We’ve all been there: driving through a packed parking lot when you spot an empty space tucked away. Patting yourself on the back, you pull forward only to discover it is exclusively handicap parking. It wasn’t until this summer that I experienced handicap parking first-hand as a good thing. An intriguing mishap in July left me with two broken legs and a wheelchair. The importance of handicap parking first dawned on me after attempting to roll up the interminable slope that is the Walmart parking lot. Transportation is a major issue without four fully functioning limbs.
My transportation has since upgraded to a scooter, but stairs are still outside the realm of feasibility. Thus, with the return to school, I begin my personal Quest for the Holy Elevator. As it turns out, the aforementioned elevator is nearly impossible to locate on campus. Historic buildings are great, but they could do with a few upgrades. Air conditioning and functional elevators come to mind.
I have yet to find a building without an elevator, but it was a pretty close call in Culbertson. Upon inquiring how I might make my way up to the Study Abroad office, I was informed that the cargo elevator would be my only option. Picture the old-fashioned elevators where an elevator operator pulls open the gate for the brave elevator riders. Now take away the elevator operator and add ominous clanking and crashing for the next three floors.
Each building presents its own challenges. The SUB has three elevators as well as a floor lift but not one of those elevators provides access to every floor. As a result, one has to criss-cross the building to access multiple elevators in a breathless attempt to make it to the bookstore before class. While lack of appropriate handicap access led to interesting adventures, such as the discovery of the mildly terrifying fourth floor of the SUB, the ideal alternative would be more convenient access.
The physical dilemmas associated with handicapped people are exacerbated by the feeling of powerlessness. One has to trust that the people who designed the building took into account the needs of all who would require access. When the layout of campus prevents students from arriving to class on time, that trust has been violated. The university has an obligation to provide equal educational opportunities to all. The failure to provide for the physically disadvantaged is not only irresponsible but insulting. At the very least, the university should ensure that they are not hindering the academic progress of students. Despite receiving millions in federal and state funds annually, MSU apparently continues to ignore the accessibility issue. As the government mandates equal access for the physically handicapped, it seems feasible that at least some of that money could go to renovating the buildings to provide necessary access points. However, this has yet to be properly addressed as this year’s budget once again fails to prioritize the equality of its students.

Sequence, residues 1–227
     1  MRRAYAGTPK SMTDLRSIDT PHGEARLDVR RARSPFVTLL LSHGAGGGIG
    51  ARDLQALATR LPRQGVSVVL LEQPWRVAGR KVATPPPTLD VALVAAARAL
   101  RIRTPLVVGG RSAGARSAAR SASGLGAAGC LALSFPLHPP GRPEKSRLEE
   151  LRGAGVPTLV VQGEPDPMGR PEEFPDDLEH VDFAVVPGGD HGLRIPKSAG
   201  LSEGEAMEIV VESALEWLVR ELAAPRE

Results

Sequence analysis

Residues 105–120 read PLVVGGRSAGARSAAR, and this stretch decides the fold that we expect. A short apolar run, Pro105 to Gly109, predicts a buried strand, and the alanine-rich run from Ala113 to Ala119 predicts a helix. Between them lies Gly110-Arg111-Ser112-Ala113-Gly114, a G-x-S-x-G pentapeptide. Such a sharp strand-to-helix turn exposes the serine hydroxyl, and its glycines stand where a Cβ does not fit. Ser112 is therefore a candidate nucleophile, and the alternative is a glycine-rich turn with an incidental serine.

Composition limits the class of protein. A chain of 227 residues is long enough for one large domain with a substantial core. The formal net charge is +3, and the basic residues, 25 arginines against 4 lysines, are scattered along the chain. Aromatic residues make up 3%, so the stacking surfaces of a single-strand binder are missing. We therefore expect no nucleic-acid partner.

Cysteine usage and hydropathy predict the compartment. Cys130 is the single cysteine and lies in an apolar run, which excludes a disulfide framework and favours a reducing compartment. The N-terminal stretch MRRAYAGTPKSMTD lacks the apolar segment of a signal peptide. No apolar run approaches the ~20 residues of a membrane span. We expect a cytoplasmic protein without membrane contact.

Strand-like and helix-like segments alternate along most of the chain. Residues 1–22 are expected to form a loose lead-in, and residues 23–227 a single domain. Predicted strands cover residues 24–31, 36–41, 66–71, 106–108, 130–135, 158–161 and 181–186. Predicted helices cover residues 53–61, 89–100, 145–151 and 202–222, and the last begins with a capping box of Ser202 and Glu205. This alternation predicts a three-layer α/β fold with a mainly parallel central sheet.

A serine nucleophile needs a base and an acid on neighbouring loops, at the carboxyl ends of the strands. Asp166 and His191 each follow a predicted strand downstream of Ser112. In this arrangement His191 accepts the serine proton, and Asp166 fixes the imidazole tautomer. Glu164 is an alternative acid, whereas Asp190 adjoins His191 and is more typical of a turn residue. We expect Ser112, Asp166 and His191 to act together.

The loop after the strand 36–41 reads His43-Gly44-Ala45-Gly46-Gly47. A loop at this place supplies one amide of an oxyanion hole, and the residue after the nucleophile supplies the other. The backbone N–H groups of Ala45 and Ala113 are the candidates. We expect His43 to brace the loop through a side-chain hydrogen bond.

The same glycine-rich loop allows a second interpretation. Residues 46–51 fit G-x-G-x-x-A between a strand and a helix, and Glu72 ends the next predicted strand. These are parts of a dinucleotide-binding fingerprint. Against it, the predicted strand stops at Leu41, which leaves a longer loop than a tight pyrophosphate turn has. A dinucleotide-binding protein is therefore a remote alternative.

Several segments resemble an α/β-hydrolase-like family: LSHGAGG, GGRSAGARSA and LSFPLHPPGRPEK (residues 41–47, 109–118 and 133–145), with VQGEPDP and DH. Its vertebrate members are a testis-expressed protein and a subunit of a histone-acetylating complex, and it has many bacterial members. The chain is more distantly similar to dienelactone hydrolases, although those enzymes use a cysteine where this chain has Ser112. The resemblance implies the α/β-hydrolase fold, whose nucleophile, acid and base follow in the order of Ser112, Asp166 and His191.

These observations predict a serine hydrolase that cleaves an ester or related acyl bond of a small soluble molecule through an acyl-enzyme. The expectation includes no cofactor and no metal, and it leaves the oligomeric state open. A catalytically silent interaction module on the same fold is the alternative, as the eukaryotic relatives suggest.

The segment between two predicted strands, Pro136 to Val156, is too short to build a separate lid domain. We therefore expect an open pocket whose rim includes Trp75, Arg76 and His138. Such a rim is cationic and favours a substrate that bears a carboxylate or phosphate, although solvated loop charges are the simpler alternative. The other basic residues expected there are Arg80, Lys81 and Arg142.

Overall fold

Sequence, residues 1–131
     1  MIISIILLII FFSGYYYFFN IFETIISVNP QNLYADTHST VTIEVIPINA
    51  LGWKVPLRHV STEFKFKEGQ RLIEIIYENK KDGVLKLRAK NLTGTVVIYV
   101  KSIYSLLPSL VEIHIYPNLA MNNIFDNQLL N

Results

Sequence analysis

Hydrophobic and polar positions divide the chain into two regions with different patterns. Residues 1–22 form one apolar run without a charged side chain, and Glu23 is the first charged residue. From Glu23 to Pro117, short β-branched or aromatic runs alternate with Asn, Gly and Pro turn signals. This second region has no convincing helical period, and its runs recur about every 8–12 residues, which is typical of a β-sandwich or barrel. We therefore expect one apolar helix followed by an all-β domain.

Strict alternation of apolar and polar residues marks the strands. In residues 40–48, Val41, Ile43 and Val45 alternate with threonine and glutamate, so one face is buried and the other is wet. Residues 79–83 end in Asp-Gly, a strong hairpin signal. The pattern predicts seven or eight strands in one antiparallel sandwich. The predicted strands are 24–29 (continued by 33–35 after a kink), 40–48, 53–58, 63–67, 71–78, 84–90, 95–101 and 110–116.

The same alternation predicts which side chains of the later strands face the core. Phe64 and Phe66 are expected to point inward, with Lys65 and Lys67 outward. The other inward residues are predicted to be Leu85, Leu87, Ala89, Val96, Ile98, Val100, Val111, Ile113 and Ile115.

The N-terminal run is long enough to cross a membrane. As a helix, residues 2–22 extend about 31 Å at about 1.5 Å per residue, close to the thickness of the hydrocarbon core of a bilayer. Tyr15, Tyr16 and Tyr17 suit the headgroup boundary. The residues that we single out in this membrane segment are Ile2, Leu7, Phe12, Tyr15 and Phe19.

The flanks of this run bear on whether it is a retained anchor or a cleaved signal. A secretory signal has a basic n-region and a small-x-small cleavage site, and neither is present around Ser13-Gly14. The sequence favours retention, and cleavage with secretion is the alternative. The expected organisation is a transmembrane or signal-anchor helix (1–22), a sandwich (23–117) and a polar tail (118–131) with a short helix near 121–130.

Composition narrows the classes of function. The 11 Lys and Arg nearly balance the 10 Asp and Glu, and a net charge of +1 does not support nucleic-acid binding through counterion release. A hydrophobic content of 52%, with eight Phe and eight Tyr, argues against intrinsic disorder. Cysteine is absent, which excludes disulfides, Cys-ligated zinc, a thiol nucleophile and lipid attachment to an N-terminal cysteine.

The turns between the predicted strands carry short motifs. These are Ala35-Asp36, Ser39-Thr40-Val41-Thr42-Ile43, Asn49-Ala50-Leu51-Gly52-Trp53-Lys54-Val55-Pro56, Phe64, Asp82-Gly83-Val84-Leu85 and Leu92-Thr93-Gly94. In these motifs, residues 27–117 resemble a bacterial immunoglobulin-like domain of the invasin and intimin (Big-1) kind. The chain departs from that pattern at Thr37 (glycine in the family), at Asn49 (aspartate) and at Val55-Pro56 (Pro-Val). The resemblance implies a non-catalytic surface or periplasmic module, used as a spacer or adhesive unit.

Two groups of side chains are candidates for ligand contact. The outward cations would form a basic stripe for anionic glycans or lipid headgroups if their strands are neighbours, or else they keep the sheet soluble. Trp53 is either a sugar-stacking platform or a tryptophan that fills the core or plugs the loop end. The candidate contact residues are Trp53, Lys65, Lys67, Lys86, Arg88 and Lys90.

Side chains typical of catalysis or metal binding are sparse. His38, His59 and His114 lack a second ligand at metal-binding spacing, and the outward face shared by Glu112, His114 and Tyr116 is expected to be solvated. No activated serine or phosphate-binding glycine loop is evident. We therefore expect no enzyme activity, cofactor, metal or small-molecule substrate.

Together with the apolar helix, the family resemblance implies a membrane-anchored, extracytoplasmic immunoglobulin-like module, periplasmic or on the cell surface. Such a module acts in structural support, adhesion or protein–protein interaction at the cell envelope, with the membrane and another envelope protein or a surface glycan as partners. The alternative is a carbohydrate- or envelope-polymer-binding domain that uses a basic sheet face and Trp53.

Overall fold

Physical handicaps are some of the most difficult circumstances to empathize with. It’s hard to appreciate the value of walking until it is no longer an option. The guilty pleasure of riding the elevator transforms into the agonizingly slow ascent to yet another floor that has hallways too narrow to turn in. The seams in the sidewalk become jarring speed bumps. Popping wheelies in a wheelchair is fun when one has the option of standing up and walking away.
While the buildings on campus could use some work before they can be deemed “handicap-friendly”, the students have already received that commendation. Countless students have held the door for me, helped carry my books and accommodated my injury in an effort to improve the handicap experience. Every time someone asks what happened like I’m a normal human rather than a physical abnormality is a victory. My professors have been patient with my lengthy commutes between classes and my classmates provide comedic entertainment throughout the process. It seems the only entity in the equation that has been derelict in its duties is the university itself. The university has failed on a moral and federally mandated level to provide for the students, thereby turning the goodwill of the students into a consolation prize for its neglect.
I am incredibly fortunate that my handicap lasts only for a few months. I can only imagine the daily struggles of those who have lived with their handicap for their whole lives. The things they don’t have access to: mountain peaks, hiking trails, the fourth floor of Gaines. It’s time the university makes sure that getting an education never falls into that category.